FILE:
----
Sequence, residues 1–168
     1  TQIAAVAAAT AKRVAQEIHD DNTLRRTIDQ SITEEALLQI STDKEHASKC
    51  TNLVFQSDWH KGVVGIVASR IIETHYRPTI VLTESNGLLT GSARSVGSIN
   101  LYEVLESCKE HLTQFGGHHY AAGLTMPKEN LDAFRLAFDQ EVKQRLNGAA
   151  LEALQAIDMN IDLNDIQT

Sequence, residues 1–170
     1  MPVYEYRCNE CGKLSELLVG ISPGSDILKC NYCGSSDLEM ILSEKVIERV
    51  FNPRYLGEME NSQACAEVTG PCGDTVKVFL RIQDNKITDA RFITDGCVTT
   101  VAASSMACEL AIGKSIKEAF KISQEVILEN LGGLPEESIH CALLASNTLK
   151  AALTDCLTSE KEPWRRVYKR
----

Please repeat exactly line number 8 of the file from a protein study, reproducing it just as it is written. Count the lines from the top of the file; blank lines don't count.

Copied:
    51  FNPRYLGEME NSQACAEVTG PCGDTVKVFL RIQDNKITDA RFITDGCVTT